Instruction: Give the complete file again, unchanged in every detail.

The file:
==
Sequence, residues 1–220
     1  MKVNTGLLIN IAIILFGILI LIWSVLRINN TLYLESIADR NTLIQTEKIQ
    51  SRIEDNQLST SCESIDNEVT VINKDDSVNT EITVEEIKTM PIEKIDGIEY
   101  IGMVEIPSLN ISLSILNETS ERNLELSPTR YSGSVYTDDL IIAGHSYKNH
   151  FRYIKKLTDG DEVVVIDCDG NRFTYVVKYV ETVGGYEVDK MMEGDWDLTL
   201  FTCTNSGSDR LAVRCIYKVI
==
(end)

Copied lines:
Sequence, residues 1–220
     1  MKVNTGLLIN IAIILFGILI LIWSVLRINN TLYLESIADR NTLIQTEKIQ
    51  SRIEDNQLST SCESIDNEVT VINKDDSVNT EITVEEIKTM PIEKIDGIEY
   101  IGMVEIPSLN ISLSILNETS ERNLELSPTR YSGSVYTDDL IIAGHSYKNH
   151  FRYIKKLTDG DEVVVIDCDG NRFTYVVKYV ETVGGYEVDK MMEGDWDLTL
   201  FTCTNSGSDR LAVRCIYKVI